Even if Wi-Fi has its origins in the 1970s, its real foundation dates back to 1997 with the establishment of standard 802.1 by the Institute of Electrical and Electronics Engineers. Its name was then coined in 1999 by a marketing agency. Needless to say, this connection protocol has since become ubiquitous and has undergone numerous metamorphoses. Here is the seventh version of Wi-Fi (802.11be standard) which is about to appear. What developments should we expect?
Major characteristics of Wi-Fi 7
First, it will be faster than 6E even if it will use the same 6GHz band, a spectrum unlocked since 2020. It will be able to However, it will still operate on the 2.4 and 5GHz bands, but it will have the advantage of offering increased bandwidth. The result: increased download speeds, a more stable connection and better congestion management thanks to improved signal modulation.
If we had to name the main marketing showcase of Wi-Fi 7, it would be the broadcast of video in 8K resolution. An already very unusual display technology, which even routers equipped with Wi-Fi 6 or 6E could handle without too much trouble.
The big advantage of Wi-Fi 7 lies in its < strong>raw speed. If the data provided by Intel is to be believed, a laptop could theoretically achieve a rather impressive threshold of around 5.8 Gps.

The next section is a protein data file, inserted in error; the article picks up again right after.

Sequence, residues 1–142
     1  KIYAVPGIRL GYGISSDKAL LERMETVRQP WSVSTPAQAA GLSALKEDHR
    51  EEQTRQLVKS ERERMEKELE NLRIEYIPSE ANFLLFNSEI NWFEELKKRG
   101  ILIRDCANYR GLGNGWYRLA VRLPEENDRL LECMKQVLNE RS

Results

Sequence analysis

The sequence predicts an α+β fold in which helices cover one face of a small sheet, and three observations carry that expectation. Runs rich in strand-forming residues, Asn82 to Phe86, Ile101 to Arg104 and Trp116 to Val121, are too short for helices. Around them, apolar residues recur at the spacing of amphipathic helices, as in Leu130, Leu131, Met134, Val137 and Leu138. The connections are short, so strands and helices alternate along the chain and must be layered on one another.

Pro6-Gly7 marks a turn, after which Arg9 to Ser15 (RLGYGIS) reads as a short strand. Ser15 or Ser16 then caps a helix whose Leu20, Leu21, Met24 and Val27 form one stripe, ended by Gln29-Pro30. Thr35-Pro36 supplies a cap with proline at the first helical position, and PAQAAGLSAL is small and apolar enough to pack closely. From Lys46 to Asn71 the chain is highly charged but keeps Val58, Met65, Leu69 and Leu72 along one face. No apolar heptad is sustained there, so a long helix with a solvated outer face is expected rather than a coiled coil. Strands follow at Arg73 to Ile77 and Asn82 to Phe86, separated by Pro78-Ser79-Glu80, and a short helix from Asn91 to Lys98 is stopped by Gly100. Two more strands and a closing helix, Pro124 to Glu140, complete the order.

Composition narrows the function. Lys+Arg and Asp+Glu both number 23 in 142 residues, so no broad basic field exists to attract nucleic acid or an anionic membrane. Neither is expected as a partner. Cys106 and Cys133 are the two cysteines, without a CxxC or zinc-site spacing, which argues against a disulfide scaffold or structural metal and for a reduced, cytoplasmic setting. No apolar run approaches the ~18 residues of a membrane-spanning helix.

Technical improvements: beyond the speed
If the connection speed increases, it means that the bandwidth width does too, as explained previously. Thus Wi-Fi 7 will offer double that of its predecessor, with 320 MHz.
A new feature is appearing, Multi-Link Operation (MLO)< /strong>. It allows you to combine several bandwidths into a single connection, in order to increase its speed and stability. MU-MIMO (Multi-User, Multiple Input, Multiple Output) spatial streams will also be doubled, which will allow the router to communicate with several devices more efficiently.
In terms of connection latency, this will be reduced using a technique called OFDMA. It was already present on 6E but could be disrupted by interference. This will no longer be the case with Wi-Fi 7.
So Wi-Fi 7, a major development ? Difficult to be so affirmative, although this one brings its share of innovations. It will certainly not change the use of this connection protocol with this new version. It will certainly be faster and more stable, but we must not forget that few devices currently support this new standard. The initial prices will certainly be quite high, and the wisest thing would be to wait quietly for this new version to settle into the digital landscape before rushing for it.
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